Neighborhood Watch Meets Big Brother In A Memphis Community

In Memphis, a civilian surveillance-camera program is meant to assist police. But some worry it's used to spy on neighbors

Illustration: Tara Jacoby
May 11, 2017 at 3:19 PM ET

After spending the week installing surveillance cameras on people’s homes for neighborhood watch groups across Memphis, Aaron James has had it. Before unwinding with a bottle of whiskey at a hotel room for a weekend staycation, James takes me on a Friday afternoon tour through what he says are some of the city’s more crime-ravaged neighborhoods he’s yet to outfit with cameras.

“This is the most violent neighborhood in the entire country,” he said after we turned left off Southern Avenue and exited the city’s upscale Cooper-Young District, where James was born and raised, and entered a neighborhood a few miles away, on the other side of some railroad tracks, literally. In this part of the city, Memphis’ 4th and Crump section, is a markedly different landscape than the boutiquey shops and restaurants lining the streets of Cooper-Young: boarded-up buildings, empty lots, a house that was crushed by a fallen tree and left to rot. From the driver’s seat, James pulled a gun from the floor of his beat-up, white GMC pickup truck and laid it on the seat between us.

“Hope you don’t mind if I keep my pea-shooter close just in case,” he said.

James, 53, has no background in law enforcement but has been involved in neighborhood-watch organizations since 1995. Some people in the area, he said, have compared him, unfavorably, to George Zimmerman, the Florida neighborhood watchman who fatally shot Trayvon Martin in 2012. It’s a comparison that James, who is white, scoffed at, calling it “bullshit.” Having spent most of his life in Cooper-Young, he shows his enthusiasm for his neighborhood on his T-shirt with the numbers “38104” printed on it, representing the neighborhood’s zip code. If he’s passionate about his neighborhood, his affinity for his neighborhood-watch responsibilities and the surveillance-camera program he introduced in 2015, one that’s helping to change the face of safety in Memphis neighborhoods, borders on eccentric.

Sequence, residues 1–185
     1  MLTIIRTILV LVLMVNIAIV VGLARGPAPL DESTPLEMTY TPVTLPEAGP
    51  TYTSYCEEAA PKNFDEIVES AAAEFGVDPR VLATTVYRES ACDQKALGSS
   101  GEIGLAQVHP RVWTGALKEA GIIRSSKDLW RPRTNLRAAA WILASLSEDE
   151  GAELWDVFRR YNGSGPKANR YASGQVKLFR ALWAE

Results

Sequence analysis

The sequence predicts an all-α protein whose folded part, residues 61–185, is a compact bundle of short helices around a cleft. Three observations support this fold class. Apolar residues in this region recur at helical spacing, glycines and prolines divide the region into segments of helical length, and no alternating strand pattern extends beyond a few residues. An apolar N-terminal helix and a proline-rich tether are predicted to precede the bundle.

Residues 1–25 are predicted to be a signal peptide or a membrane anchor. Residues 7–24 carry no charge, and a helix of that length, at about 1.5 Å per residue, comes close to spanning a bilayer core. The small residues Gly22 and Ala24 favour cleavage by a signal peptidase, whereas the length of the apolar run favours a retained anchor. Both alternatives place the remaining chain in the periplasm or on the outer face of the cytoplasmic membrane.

“[The camera program] is the most important thing in my life right now,” he said.

And it’s not without controversy.

Not another Big Brother

James spearheaded the Cooper-Young camera program, he said, with the goal of helping cops solve crimes. It works like this: James provides surveillance cameras to people who agree to attach them to their homes or businesses. If there is a report of a crime, police will ask James if he had cameras in the area and whether they can see the footage specific to the time when the alleged crime occurred. James will then go through the footage and, if there is anything of interest, he personally delivers it to the police as to not “disrupt the chain of custody,” he said.

He’s helped expand the program to other neighborhoods throughout Memphis, like the Forest Lakes neighborhood – an upscale, gated community that has been hit by a spate of thefts and burglaries by, according to two residents, people from outside of the neighborhood. Similar programs have been implemented in cities like New Orleans, which has its own neighborhood watch surveillance-camera program that is far more elaborate than the one in Memphis, and arguably more potentially intrusive in terms of privacy. James said he’s in talks with a businessman, who he declined to identify by name, to expand similar camera programs to neighborhood-watch groups across the country. It’s part of an effort, he said, to create a nationwide network of surveillance-camera programs for concerned citizens who want to help the police.